Re: Pullup resistors (Was: Commodore joystick ports)

From: Marko Mäkelä (
Date: 2007-05-09 17:41:23

On Wed, May 09, 2007 at 10:00:47AM -0500, Jim Brain wrote:
> Marko Mäkelä wrote:
> >On Wed, May 09, 2007 at 01:56:20AM -0500, Jim Brain wrote:
> >  
> >>LO->HI:   switch DDR to input, then switch logic level to high to engage 
> >>pullup.  Doing it this way ensures you never drive pin with 5v directly
> >>HI->LO:   disengage pullup, then switch DDR to output.
> >>    
> >
> >Oh, I did remember something about setting the PIN bit on the AVR
> >when composing my answer.  That was for engaging the pullup resistor
> >when outputting a logic 1.  But I don't think it should be necessary
> >for the joystick port, because mechanical joysticks do not contain any
> >pullup resistors.  And I think you can safely leave the PIN bit
> >initialized to 1 at all times.
> >  
> I think you mean 0.
> PORT=0, DDR=0, input, no pullup
> PORT=0, DDR=1, output, low

I think you confused PIN and PORT.  I didn't say anything about PORT,
and I previously wrote that you should set PORT=0 for open-collector
operation.  We have the following truth table:

PORT=0,PIN=0,DDR=0: input, high-Z ("disconnected")
PORT=0,PIN=0,DDR=1: output 0
PORT=0,PIN=1,DDR=0: output weak 1 with a pull-up resistor
PORT=0,PIN=1,DDR=1: output 0 

The first line is equivalent to outputting 1 if there
is a pull-up resistor somewhere else in the circuit, like I believe
there is in the joystick port.

> In my defense, I wrote the joystick code after the initial IEC code, so 
> I was in IEC mode when writing it.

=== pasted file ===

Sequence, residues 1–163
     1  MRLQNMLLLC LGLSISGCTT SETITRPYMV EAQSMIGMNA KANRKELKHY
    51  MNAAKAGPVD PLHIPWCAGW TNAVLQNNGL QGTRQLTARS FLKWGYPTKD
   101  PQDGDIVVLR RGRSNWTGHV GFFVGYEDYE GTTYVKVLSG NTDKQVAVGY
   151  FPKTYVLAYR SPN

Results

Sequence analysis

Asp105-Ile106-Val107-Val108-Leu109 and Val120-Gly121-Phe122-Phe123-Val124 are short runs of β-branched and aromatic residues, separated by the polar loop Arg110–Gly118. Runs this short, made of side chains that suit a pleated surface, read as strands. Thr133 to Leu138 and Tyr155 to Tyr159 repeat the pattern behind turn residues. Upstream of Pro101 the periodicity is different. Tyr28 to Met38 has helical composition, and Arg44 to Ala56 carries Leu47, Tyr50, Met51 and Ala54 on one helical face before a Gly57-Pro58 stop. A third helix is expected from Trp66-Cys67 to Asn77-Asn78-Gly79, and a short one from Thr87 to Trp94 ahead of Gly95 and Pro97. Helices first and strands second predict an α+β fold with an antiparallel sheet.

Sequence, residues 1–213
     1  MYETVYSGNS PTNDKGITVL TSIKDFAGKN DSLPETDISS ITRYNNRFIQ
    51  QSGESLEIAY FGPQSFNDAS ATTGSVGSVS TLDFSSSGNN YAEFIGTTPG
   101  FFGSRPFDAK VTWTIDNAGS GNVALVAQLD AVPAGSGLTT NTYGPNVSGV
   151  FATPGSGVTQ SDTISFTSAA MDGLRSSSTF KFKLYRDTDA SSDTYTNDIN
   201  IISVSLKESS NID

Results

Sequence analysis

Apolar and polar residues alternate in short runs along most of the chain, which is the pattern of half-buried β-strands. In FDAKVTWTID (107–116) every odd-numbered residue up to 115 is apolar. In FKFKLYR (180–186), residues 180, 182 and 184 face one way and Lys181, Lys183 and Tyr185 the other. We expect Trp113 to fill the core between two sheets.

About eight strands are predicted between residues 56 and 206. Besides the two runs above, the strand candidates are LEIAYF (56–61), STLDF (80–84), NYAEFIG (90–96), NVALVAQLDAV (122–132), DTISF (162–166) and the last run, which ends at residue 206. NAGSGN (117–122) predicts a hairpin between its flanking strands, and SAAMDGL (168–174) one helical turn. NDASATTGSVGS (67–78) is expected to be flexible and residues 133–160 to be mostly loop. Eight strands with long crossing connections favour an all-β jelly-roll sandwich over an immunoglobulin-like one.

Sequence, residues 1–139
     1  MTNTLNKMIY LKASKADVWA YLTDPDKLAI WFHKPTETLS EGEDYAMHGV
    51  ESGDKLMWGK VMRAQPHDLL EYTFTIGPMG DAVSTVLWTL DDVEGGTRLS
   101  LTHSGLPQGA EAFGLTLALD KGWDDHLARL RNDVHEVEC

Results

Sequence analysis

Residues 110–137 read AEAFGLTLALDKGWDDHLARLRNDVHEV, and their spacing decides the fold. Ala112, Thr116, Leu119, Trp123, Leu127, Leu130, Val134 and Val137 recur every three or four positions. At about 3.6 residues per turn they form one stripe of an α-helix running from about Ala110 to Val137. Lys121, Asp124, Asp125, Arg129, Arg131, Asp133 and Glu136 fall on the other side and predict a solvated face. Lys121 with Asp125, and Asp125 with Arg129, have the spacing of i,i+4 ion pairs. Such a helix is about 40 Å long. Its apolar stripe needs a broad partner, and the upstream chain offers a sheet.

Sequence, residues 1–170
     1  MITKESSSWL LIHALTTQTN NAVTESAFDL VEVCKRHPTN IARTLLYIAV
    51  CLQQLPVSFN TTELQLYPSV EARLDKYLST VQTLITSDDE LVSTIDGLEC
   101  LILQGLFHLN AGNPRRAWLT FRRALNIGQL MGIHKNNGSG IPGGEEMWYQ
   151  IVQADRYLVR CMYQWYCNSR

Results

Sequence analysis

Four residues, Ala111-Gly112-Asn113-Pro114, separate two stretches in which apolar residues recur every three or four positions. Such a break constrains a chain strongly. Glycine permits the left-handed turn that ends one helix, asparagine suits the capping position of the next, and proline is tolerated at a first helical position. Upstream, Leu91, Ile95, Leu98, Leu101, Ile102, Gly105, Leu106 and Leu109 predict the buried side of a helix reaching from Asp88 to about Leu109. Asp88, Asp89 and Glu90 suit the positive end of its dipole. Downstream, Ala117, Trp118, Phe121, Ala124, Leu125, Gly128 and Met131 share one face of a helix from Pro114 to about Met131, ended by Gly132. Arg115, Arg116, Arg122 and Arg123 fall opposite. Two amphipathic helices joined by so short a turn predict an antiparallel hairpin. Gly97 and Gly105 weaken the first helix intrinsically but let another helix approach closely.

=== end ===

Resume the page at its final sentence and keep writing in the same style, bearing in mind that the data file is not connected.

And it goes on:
In 1991 or so I wrote a joystick recorder for the Commodore 64.  The
output would be hooked from the user port to another computer's joystick
port.  The program could also generate some effects, such as autofire
and left-to-right and up-to-down movements (combining them would give
you rotation, useful in the cycling event of Summer Games).  I didn't
give much thought to pull-up resistors or anything else back then.
Because it was a direct cable, it might well have been able to fry the
joystick port.  Luckily, it didn't. :-)

Actually, I don't think you can fry the CIA by connecting two opposing
CIA outputs together.  In fact, you can distinguish the left shift key from
shift lock by making both the column and the row of the keyboard matrix
to outputs.  Normal keys have a larger resistance than the shift lock.
Only the shift lock will be able to pull the output '1' to '0'.  I
didn't invent this idea myself; it was some other Finn who used this
trick in some demo.  I guess this might be dangerous if the outputs were
left connected like that for extended periods of time.  If the pin is
polled and one of the ports is configured back to input very quickly
when a connection is detected, there shouldn't be any damage.

Note that other chips, such as the AVR microcontollers, will be able to
source more current than the CIA.  When you try to sink it with the CIA
to 0, damage may result.


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